In the decades since Emmanuel released his debut album, 1976’s Diez Razones Para Cantar, the Mexican singer has earned his crown as Latin pop royalty in several ways. He has sung heart-wrenching ballads, smooth yacht-pop, jazzy Latin fusion, and even his own unique riffs on New Wave and R&B. For the son of an Argentine bullfighter and Spanish singer (born Jesús Emmanuel Arturo Acha Martínez in 1955 in Mexico City), the through line of them all is his voice, an instrument by turns powerful and tender, capable of morphing from breathy falsetto into a double-barreled bellow loaded with pure passion. Emmanuel’s long tenure has minted multiple generations of fans, with the lush, string-infused arrangements of ‘80s recordings like Amor Sin Final giving way to the bright synths and funk grooves of 1989’s “La Chica de Humo,” a surprising left turn into new jack swing. In the 2000s, on albums like Inédito, he has updated his brand of classic love songs with a contemporary pop-rock gloss; see, for example, the heartsick “Cómo Quieren Que La Olvide,” a bittersweet song of “bottomless pain” set to a lilting, almost country arrangement. In 2017, a crucial live recording, MTV Unplugged: Con El Alma Desnuda, highlighted his range while putting the focus on Emmanuel’s most important asset: his heart-melting voice.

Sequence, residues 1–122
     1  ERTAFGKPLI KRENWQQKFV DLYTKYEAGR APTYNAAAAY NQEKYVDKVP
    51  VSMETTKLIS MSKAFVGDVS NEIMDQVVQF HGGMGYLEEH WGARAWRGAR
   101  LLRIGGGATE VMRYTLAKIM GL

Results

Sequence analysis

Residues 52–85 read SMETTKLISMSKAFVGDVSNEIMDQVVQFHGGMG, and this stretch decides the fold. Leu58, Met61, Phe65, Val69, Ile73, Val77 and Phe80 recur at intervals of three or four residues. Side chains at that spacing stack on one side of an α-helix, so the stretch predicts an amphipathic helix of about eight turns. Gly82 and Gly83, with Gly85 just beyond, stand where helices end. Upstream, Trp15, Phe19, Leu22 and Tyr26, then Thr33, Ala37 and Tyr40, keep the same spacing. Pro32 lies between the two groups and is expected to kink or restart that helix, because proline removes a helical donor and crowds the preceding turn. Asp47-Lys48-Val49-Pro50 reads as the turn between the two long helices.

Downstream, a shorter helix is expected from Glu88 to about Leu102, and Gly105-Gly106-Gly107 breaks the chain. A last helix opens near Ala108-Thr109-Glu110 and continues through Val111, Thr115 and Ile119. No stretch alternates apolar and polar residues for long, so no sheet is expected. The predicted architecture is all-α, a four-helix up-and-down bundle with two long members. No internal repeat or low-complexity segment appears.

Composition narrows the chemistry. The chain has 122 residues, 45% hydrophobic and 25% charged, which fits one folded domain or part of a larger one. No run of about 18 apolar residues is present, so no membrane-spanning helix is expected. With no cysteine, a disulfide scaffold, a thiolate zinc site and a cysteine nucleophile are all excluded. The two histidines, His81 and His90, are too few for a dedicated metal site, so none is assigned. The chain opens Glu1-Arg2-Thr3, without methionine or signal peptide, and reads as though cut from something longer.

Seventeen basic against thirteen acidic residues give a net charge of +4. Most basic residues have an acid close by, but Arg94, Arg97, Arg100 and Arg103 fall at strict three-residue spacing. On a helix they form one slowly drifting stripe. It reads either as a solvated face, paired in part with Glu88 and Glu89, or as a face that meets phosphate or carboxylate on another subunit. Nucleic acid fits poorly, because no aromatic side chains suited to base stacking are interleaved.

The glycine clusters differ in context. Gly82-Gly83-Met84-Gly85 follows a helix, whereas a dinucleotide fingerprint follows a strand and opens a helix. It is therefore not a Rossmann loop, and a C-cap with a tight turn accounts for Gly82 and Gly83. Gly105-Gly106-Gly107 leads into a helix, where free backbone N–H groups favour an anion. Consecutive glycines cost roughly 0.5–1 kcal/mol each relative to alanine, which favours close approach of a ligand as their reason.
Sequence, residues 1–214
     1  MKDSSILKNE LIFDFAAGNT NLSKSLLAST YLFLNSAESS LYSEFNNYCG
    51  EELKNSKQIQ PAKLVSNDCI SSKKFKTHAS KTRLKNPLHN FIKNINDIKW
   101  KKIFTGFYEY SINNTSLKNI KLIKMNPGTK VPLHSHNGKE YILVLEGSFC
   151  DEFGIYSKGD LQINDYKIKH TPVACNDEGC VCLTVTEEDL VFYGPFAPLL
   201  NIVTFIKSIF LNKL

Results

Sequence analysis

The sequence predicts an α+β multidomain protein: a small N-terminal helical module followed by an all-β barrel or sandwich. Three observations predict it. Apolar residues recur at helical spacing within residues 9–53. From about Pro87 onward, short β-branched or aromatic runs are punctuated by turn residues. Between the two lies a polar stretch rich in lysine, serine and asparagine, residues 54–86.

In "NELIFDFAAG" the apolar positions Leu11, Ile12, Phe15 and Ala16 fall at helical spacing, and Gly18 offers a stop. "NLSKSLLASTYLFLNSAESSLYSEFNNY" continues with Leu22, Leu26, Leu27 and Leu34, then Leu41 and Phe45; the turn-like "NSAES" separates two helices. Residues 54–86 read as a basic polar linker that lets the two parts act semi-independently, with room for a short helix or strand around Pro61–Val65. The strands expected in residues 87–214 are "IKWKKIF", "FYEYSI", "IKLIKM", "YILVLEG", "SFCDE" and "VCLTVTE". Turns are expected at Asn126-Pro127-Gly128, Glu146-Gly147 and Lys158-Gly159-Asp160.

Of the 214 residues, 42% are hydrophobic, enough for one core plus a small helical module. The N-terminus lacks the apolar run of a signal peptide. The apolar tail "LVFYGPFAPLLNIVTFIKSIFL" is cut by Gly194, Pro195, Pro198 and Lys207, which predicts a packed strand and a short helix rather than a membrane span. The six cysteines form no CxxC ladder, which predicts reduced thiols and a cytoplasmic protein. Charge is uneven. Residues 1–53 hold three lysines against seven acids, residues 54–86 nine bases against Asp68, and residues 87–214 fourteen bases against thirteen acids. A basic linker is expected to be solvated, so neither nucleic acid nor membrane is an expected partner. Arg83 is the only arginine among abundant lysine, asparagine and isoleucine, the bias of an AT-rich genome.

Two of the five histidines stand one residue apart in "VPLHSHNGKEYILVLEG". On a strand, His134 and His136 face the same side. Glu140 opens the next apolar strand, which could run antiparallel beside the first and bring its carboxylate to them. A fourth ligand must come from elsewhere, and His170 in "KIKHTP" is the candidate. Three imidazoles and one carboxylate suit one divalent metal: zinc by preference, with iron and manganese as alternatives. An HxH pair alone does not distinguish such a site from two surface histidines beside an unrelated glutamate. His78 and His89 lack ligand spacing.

HOMETOWNMexico City, Mexico
BORNApril 16, 1955